Emergency responders, doctors, nurses, county council members and insurance agents were among the nearly 60 concerned citizens packed into the Mullis Center to learn about denial issues by San Juan County’s primary insurance provider, Kaiser Permanente.
“The main problem with Kaiser is that they are using mainland algorithms, and that doesn’t work for us. We are a ferry-served community surrounded by water,” said Dr. Michael Sullivan, San Juan County’s emergency services medical director, at the town hall meeting that took place on April 25.
The event was held to provide Kaiser members, and others interested in the issue, updates and information regarding the recent rash of denials of coverage for emergency air ambulance flights to nearby hospitals. It followed a meeting of county health and government officials, and representatives from the state insurance commissioner’s office, Kaiser, Airlift Northwest and Island Air Monday were present on April 22.
Speakers at the town hall included Sullivan; Dr. Warren Appleton, San Juan County Hospital District No. 1 commissioner; Airlift Northwest Executive Director Chris Martin; and Will Hamilton from Island Air Ambulance.
Kaiser Permanente became San Juan County’s primary insurance carrier in June 2018. In September, islanders began receiving air ambulance denials from Kaiser resulting in bills of thousands of dollars.
Sullivan noted one case where an elderly woman had been struck by a car, suffering multiple fractures. She was flown to a nearby hospital and Kaiser originally denied her insurance claim, he said.
In another case, Sullivan explained, a woman drove herself to the emergency center at the Peace Health Hospital.
“She had severe abdominal pain, nausea and was throwing up. Yet, she drove herself in,” Sullivan said.
Sullivan continued, adding that he was able to diagnose her fairly quickly with acute appendicitis, scheduled surgery with a doctor at the Anacortes hospital and gave her pain medications to provide her some relief for the hour until surgery could take place. She had no one to drive her, Sullivan said, and a ferry trip would have taken too long, so she was flown. Kaiser denied that claim, he said, visibly angry.
As a result of Kaiser’s denials, multiple presenters said people could hesitate or even neglect to call 911 when they are in need of urgent care.
According to Sullivan, locals are leery of seeking the health care they need due to financial concerns. He explained that emergency responders have strict guidelines they follow before determining a patient needs to be flown off-island.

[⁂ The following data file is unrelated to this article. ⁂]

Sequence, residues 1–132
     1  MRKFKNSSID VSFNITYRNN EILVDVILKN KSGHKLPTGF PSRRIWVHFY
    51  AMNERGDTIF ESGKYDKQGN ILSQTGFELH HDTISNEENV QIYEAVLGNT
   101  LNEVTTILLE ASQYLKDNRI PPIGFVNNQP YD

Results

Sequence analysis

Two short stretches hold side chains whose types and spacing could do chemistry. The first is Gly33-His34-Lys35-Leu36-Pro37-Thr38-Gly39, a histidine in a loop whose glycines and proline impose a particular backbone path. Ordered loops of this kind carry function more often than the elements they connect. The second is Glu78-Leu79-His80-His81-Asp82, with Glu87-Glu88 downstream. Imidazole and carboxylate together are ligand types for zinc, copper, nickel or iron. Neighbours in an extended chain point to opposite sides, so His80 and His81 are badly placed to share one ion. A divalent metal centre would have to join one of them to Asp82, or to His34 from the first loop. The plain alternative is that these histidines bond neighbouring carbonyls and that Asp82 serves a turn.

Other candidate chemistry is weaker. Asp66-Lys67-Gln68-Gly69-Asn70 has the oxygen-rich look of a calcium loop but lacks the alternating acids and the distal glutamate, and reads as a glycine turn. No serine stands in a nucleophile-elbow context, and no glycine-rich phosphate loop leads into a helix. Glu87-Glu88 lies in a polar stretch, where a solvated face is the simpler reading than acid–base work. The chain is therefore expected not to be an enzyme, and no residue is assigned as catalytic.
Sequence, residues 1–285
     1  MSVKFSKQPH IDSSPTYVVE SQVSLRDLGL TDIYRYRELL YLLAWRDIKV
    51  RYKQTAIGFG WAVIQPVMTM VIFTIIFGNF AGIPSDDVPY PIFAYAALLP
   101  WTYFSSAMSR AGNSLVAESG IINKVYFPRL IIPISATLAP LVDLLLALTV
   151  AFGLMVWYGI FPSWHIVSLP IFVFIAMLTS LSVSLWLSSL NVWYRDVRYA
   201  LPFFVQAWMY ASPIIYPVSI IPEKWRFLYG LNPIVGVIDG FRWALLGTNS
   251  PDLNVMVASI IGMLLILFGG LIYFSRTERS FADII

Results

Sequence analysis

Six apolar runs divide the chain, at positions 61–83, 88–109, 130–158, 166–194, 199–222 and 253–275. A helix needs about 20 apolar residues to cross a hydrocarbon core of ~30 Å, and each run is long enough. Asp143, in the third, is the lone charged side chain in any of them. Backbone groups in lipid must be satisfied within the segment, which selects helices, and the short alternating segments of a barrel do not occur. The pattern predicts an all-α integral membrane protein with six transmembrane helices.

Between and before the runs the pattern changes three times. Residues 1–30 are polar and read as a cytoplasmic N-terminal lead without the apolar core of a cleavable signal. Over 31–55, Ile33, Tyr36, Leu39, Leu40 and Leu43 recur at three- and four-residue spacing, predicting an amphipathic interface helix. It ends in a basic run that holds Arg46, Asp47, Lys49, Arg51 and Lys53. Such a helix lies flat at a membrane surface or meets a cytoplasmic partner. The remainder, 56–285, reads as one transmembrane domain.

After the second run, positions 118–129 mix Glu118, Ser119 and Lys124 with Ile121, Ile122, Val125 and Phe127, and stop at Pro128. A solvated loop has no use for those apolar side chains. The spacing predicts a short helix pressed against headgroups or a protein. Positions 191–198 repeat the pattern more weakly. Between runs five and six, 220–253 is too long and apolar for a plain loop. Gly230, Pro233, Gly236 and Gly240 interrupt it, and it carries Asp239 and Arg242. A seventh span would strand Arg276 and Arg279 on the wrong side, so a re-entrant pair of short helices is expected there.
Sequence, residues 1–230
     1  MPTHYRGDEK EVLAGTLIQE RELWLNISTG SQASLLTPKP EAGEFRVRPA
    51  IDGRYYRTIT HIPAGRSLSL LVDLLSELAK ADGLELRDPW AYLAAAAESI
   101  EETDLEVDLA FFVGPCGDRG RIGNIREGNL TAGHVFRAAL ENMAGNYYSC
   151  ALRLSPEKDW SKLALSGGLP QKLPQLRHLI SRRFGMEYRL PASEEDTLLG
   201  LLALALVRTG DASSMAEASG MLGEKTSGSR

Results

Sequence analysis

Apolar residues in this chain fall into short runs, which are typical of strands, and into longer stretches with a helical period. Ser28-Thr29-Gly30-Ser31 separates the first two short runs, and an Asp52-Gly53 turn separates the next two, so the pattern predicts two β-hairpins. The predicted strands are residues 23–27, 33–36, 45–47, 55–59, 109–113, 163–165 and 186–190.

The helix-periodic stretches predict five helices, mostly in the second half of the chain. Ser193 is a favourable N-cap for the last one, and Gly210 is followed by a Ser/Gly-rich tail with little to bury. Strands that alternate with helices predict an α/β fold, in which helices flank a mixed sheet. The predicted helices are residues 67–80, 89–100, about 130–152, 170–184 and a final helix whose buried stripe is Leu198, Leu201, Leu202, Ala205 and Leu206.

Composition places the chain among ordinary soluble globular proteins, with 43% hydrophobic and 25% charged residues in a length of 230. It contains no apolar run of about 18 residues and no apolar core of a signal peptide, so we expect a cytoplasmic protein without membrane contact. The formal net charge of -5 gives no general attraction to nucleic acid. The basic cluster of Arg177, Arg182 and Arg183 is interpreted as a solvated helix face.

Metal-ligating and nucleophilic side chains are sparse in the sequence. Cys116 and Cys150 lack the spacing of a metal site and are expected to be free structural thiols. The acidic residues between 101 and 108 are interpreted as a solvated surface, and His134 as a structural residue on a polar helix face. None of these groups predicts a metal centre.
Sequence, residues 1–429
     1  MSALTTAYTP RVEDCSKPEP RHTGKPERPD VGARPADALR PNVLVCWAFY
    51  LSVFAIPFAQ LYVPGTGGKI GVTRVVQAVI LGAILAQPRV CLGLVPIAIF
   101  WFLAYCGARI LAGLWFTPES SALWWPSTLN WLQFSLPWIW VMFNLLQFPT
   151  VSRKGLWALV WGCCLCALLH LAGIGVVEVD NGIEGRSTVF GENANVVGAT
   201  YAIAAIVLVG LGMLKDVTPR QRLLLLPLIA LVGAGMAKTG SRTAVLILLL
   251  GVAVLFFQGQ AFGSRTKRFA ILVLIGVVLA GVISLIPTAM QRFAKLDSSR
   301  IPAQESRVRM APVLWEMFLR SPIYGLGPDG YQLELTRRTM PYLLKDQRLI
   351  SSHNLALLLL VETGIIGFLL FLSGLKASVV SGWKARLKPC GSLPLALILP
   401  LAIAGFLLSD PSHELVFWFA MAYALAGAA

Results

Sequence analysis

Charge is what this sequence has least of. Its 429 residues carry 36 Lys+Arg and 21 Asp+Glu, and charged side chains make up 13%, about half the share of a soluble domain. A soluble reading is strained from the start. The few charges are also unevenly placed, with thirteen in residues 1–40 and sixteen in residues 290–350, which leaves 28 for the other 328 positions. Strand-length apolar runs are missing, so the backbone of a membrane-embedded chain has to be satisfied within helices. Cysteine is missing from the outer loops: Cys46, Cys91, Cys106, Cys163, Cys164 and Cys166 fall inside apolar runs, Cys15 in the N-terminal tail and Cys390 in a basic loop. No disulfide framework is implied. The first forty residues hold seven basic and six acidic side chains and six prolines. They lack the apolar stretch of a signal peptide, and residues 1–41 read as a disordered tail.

“We don’t just kidnap you and stick you on a helicopter,” he said, noting that emergency care operates in the opposite manner as family health. While family health runs on the basis that people are healthy until shown they are not, a patient in an emergency is presumed to be dying until proven they are well.
“Don’t let the Kaiser cloud keep you from getting medical care,” Appleton said. He then explained the process of appealing a denial. The first step is to work with health providers; Airlift Northwest or Island Air Ambulance will initiate a claim.
Both providers have experience and a high success rate, Martin added. Of Airlift’s 50 claims waiting to be processed with Kaiser, 14 are in the appeal stage, she explained.
“We want to get you safe and well,” Martin said. “Follow your medical provider’s advice, and don’t worry about the bill.”
Appleton noted that due to the county response, the Office of the Inspector General, the federal government agency that oversees health insurance companies, is now looking into Kaiser’s denials. According to Appleton, Kaiser has until May 1 to turn over documents pertaining to the claims.
Appleton was also cautiously optimistic Kaiser representatives heard concerns during the April 22 meeting, and was beginning to understand the unique situation of living on an island. San Juan County Hospital District No. 1 chairmember Dr. Michael Edwards agreed.
“I think we will win,” he said.